Riyadh is setting itself up as region’s policeman

Lina Khatib
Ed Miliband and David Cameron  

Cameron and Miliband should have faith in their bolder policies

Ian Birrell
No postcode? No vote

Floating voters

How living on a houseboat meant I didn't officially 'exist'
Louis Theroux's affable Englishman routine begins to wear thin

By Reason of Insanity

Louis Theroux's affable Englishman routine begins to wear thin
Power dressing is back – but no shoulderpads!

Power dressing is back

But banish all thoughts of Eighties shoulderpads
Spanish stone-age cave paintings 'under threat' after being re-opened to the public

Spanish stone-age cave paintings in Altamira 'under threat'

Caves were re-opened to the public
'I was the bookies’ favourite to be first to leave the Cabinet'

Vince Cable interview

'I was the bookies’ favourite to be first to leave the Cabinet'
Election 2015: How many of the Government's coalition agreement promises have been kept?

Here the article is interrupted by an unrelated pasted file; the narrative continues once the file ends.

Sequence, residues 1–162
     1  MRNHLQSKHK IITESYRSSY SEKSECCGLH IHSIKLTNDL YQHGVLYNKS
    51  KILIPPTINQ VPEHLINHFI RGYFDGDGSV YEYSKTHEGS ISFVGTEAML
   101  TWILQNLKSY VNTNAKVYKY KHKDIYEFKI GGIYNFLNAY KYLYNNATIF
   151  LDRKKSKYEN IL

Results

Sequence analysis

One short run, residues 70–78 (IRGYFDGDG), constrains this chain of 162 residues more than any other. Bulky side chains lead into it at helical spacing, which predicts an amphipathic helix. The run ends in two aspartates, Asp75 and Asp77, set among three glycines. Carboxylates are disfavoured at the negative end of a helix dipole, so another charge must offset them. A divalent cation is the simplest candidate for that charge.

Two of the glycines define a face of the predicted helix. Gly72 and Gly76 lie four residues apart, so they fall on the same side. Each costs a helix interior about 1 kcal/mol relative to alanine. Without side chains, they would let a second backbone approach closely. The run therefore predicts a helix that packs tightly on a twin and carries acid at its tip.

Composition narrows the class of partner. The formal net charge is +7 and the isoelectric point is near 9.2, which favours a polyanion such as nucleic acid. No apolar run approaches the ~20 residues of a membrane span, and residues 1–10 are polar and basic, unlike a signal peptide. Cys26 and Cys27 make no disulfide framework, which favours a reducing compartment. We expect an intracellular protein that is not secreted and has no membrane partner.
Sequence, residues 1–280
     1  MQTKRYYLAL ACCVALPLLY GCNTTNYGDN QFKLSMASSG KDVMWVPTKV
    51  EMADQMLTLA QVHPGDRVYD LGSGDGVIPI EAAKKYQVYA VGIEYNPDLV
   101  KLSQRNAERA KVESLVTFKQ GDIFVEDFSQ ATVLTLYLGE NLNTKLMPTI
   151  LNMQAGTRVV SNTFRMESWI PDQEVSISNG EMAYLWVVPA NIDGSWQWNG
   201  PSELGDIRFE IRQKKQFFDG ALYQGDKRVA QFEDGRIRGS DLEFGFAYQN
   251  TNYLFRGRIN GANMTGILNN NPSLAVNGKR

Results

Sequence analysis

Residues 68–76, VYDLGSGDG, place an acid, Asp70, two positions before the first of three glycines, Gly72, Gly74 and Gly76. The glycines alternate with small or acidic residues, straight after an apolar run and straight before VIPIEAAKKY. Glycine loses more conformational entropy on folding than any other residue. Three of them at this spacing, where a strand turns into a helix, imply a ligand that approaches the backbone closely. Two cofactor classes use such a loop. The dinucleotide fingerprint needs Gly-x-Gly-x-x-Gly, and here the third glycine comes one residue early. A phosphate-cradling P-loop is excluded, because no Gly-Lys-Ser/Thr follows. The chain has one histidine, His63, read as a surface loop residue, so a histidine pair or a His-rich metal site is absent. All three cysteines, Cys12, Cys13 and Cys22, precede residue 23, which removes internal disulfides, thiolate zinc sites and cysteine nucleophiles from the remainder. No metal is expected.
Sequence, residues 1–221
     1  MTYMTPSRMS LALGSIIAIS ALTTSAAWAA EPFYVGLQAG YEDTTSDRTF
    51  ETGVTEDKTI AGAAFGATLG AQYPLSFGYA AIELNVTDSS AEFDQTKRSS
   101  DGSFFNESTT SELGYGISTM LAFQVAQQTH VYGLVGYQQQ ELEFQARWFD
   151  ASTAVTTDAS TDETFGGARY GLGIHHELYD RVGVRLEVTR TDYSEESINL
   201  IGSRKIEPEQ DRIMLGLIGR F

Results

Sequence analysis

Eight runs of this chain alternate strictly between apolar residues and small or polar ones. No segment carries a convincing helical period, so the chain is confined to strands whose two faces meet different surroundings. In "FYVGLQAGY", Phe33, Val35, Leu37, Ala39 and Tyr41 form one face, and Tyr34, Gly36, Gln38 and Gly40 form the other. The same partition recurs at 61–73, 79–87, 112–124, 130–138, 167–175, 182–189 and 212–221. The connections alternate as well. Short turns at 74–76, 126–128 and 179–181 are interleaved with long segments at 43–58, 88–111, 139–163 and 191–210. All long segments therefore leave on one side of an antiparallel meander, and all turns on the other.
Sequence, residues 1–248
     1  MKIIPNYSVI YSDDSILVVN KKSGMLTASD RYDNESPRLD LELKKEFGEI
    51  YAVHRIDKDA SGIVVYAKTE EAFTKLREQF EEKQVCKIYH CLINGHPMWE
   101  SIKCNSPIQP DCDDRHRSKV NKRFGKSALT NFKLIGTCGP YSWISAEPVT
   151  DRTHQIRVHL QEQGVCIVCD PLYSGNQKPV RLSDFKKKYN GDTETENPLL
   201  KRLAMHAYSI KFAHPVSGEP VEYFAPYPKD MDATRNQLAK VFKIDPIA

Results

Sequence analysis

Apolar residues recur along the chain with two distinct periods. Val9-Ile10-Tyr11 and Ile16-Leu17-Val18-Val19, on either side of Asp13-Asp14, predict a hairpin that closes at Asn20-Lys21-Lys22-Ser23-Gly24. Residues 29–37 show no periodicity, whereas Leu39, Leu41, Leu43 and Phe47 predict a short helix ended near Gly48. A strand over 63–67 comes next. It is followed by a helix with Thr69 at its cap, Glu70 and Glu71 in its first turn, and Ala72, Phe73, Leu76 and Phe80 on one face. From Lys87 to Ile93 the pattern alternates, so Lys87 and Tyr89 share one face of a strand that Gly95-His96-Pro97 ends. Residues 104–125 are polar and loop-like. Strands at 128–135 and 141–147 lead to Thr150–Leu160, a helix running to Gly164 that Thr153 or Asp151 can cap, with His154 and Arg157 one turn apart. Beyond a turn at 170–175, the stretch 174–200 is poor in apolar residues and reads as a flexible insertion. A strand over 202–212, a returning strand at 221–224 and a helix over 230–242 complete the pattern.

Promises, promises

But how many coalition agreement pledges have been kept?
The Gaza fisherman who built his own reef - and was shot dead there by an Israeli gunboat

The death of a Gaza fisherman

He built his own reef, and was fatally shot there by an Israeli gunboat
Saudi Arabia's airstrikes in Yemen are fuelling the Gulf's fire

Saudi airstrikes are fuelling the Gulf's fire

Arab intervention in Yemen risks entrenching Sunni-Shia divide and handing a victory to Isis, says Patrick Cockburn
Zayn Malik's departure from One Direction shows the perils of fame in the age of social media

The only direction Zayn could go